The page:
Other points of improvement:

  • PHP tags

    • avoid using short open tags. It does no harm to write the full <?php tag, yet it makes your code more portable and adhere to the standard
    • avoid the closing tag if it's the last line in the file. will save you a couple headaches and also will make the code adhere to the standard.
  • not sure what does isNullOrEmpty() method do, but PHP already treats all non-empty values as true and empty values (such as null) as false. There are edge cases though, like 0 is treated as false

  • not sure what's the following code meant to be. It seems that you can replace it with just $serializedData = $_POST or just use $_POST already.

     $serializedData = http_build_query($_POST);
     parse_str($serializedData, $serializedDataParsed);
    
  • besides, you can use $_REQUEST if data can come through both POST and GET. Though only GET must be used for search

  • consider sticking with a single naming standard, either camelCase or snake_case

  • and using consistent indentation, that is - four spaces for each level

  • consider using variable interpolation, it is often less verbose, though it's entirely a matter of taste

The standard I am talking about: https://www.php-fig.org/psr/psr-12/

Are there any security vulnerabilities in my code that I should be aware of? Am I properly using prepared statements and binding values to prevent SQL injection?

You are doing everything right in this regard!

Are there any potential performance issues that I should address?

NOT in the PHP code. All the job is done by the DB here and thus you must address performance issues there. Given you are using LIKE, hardly anything can be done though.

How can I ensure that my pagination system works correctly and is scalable for a large number of records?

When it become large, consider adding an extrenal search engine such as Elastic or Manticore. For the current approach all you can do is to make sure that all search columns are added to the single compound index as to make sure that they are always present in RAM

Also, Katie's answer reminded me of of another suggestion:

Consider implementing another technique for pagination, which doesn't involve the predefined list of pages but just the "Next page" button. It will make the count query unnecessary, though this approach has some its own pitfalls. Like, you will have to include all already shown records' ids into a NOT IN() clause.

But again, such a faceted search is not a MySQL's strong suit, and for this, a dedicated search engine is generally used, and becomes rather obligatory when your data exceeds, say, a million records

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Could you suggest any improvements to make the code more readable or efficient? Are there any potential performance issues that I should address? How can I ensure that my pagination system works correctly and is scalable for a large number of records?

You may indeed encounter scalability issues. But this is hard to tell without knowing table structure, and volume. Proper indexing can help optimize search - to a point. Learn to run an execution plan to find out the current cost of your queries.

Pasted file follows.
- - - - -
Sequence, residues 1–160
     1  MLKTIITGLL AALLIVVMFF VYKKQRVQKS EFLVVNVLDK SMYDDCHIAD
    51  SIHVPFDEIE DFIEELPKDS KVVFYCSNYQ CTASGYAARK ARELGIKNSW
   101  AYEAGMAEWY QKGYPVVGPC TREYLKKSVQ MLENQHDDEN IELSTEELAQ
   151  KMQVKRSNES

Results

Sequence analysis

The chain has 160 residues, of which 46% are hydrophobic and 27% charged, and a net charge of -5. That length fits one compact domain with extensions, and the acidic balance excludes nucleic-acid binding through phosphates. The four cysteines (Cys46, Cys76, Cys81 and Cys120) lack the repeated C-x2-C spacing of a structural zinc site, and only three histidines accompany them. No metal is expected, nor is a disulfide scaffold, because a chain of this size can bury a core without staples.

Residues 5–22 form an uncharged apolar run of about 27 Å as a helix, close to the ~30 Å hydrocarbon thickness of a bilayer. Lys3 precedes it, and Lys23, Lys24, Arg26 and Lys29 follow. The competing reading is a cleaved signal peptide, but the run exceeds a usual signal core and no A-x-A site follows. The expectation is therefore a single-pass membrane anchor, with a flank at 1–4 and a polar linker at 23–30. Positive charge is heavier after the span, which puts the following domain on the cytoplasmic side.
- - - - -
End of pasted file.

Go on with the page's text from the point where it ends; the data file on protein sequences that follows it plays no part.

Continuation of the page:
Since you are using LIKE, so there is not much you can do here, and your users may search on fields that are not covered by any useful index anyway.

I encourage you to test your application under adverse conditions. You could easily fill up a test database with semi-random values by doing INSERTs in a loop. Then test your code on an inflated database and see if performance remains acceptable. Looking at this code, it seems evident that the more the table grows, the slower your code will be. But do you actually expect to have a lot of users in the table of users?

If you anticipate just a few hundreds of records in that table, then you probably shouldn't worry too much. If you're building the next Twitter, then you need to change your approach completely. It won't scale at all.

One problem is that you are repeating queries. First you get a count, then you run almost the same query again to get the rows. Doing this increases the load on your server, not to mention response time.

It would be more rational to save the results to a temporary table of some sort, or use some caching technique. And then do the count and the paging against that limited, prefetched resultset. Not the whole database.

You may have noticed some forums work just like this, like Vbulletin I think and others. There is a search ID in the URL, which refers to a snapshot of the search generated on the server just for you. It also means that changes in the database made after that search will not be reflected in the results, but this is usually not an issue. The user can still stop browsing the paged results and run a new search.

If your database grows a lot, or you have a lot of concurrent users your server could possibly crawl to a halt. Especially if you are on a cheap, shared hosting plan where resources are capped.

Again, this depends a lot on your usage scenario. If your tables remain small, the code should run fast enough even if it's not "efficient". In fact it's probably not worth indexing small tables at all, due to the way the query optimizer works, and introducing caching would not necessarily bring a noticeable improvement. On the other hand, you can understand why large forums cannot afford to run without caching results.

To sum, you can probably ignore all I said, but keep this in mind if your circumstances or usage needs change.

Also note that Mysql as some reserved keywords and date is one of them:

date_format(u.datetime, '%Y-%m-%d') date

active too:

  where active in (1,2)".$search;

Sometimes, using reserved keywords can cause arcane bugs or parsing errors that are not always easy to understand.

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  • \$\begingroup\$ Actually, date and active are non-reserved keywords. \$\endgroup\$ Aug 11, 2023 at 14:59